It's widely known that the Chinese government has long exerted tight control over Internet access on the mainland, deploying an extensive apparatus to regulate what its citizens can read and publish on the web. The Chinese authorities employed more than 2 million people in 2013 to monitor web activity on blogs and social media sites like the wildly popular social media site Weibo, and blocks access to topics it deems sensitive, like the Free Tibet movement, for instance, and democratic activism.
But ahead of the 25th anniversary of the Tiananmen Square massacre, Chinese authorities are cracking down even further on news outlets and search engines, blocking access to websites including Google and the Wall Street Journal. Wednesday marks 25 years since the Chinese army killed hundreds, perhaps thousands of students and protestors in Beijing, and the tightening of media control that followed. It's part of the Chinese government's concerted effort to limit information about the incipient pro-democratic movement that ended in bloodshed.
Here are 6 websites the Chinese government is currently blocking or restricting.
The activist blog GreatFire.org, which tracks web censorship in China, published a post Monday saying that Chinese authorities had blocked a variety of Google services in China. As of Monday, Google's Chrome start page would not load, nor would many other Google sites like the Picasa photo program, Maps service and Calendar application, according to the New York Times. The GreatFire said that the block is far-reaching, and that Google simply isn't working.
The block is indiscriminate as all Google services in all countries, encrypted or not, are now blocked in China. This blockage includes Google search, images, translate, Gmail and almost all other products. In addition, the block covers Google Hong Kong (China’s version of Google), Google.com and all other country specific versions, e.g Google France.... It is the strictest censorship ever deployed.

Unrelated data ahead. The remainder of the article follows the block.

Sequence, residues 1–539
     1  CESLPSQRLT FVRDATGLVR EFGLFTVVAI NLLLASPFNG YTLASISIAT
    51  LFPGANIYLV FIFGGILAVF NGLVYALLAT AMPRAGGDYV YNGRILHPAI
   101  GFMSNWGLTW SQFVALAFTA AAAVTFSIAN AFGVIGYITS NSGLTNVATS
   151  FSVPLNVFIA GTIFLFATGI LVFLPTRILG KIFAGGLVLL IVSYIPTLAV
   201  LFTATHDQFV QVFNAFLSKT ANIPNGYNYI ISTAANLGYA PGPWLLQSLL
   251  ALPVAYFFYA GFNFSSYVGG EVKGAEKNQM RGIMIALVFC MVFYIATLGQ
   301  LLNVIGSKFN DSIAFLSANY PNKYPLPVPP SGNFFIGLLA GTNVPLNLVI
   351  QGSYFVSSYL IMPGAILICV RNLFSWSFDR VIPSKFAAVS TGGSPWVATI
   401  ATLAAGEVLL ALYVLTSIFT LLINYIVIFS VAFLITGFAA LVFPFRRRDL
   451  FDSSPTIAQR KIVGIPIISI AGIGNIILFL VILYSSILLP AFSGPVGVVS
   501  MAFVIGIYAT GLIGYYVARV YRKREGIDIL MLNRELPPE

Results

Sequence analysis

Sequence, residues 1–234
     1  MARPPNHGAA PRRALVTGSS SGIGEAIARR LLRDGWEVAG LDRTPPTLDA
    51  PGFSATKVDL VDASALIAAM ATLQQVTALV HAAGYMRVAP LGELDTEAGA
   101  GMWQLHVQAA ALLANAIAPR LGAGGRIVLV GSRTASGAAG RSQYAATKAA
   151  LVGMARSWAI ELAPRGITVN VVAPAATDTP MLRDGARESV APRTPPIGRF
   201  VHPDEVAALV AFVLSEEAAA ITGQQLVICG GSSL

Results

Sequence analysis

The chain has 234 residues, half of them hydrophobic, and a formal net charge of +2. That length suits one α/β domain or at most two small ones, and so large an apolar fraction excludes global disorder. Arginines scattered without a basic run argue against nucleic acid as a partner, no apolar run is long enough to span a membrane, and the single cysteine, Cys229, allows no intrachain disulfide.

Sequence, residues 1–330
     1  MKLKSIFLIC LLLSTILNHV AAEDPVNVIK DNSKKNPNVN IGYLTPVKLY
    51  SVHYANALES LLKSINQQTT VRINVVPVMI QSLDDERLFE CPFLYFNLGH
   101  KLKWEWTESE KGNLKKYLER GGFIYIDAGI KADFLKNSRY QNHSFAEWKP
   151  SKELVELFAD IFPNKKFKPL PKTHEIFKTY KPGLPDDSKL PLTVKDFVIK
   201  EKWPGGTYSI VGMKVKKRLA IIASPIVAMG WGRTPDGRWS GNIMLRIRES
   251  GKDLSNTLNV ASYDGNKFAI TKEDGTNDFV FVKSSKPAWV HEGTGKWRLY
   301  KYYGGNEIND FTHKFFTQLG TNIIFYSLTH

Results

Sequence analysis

Google published a transparency report that showed traffic in China slowed dramatically beginning Sunday, with users of Google's products in China reduced to little more than half of the country's usual overall share of worldwide users. Google told the Wall Street Journal that there were no technical problems with its website.
“We’ve checked extensively and there are no technical problems on our side,” a Google spokeswoman said.
The Chinese government has long blocked Wikipedia pages it deems fishy, including "Dalai Lama," and "Tibetan Independence Movement" as well as "List of Chinese Dissidents," and "Chinese democracy movement." Now is as good a time as any for the Chinese authorities to make sure no one searches "Tiananmen Mothers," the democracy activist groups founded by the mother of a protestor killed 25 years ago.
The Wall Street Journal
The Journal, which has recently been ramping up its China coverage, is the latest news source to fall victim to the Chinese censors' axe. Dow Jones, which publishes the Journal, said that the English language site had been blocked since Monday, and the Chinese language site had been blocked since Saturday.
The government's "stability maintenance" program has sucked pornographic websites into the mix as well, and RedTube.com is one of the websites that is inaccessible. According to GreatFire, the website is blocked 97% of the time its been tested in China. Pornography in every form has never been welcome in China, however, and the government has blocked magazines and video content for over sixty years.
The professional networking site just experienced the imposition of local censorship requirements in China, according to the Journal, after setting up a localized version of LinkedIn in China earlier this year.
Facebook has been blocked in China for years as it's viewed suspiciously as a place to freely disseminate ideas. China earlier this year that it was blocking the wildly popular social media website for its "ability to spread rumors" and instead placates its social media-hungry masses with Weibo, a homegrown service it can more easily censor.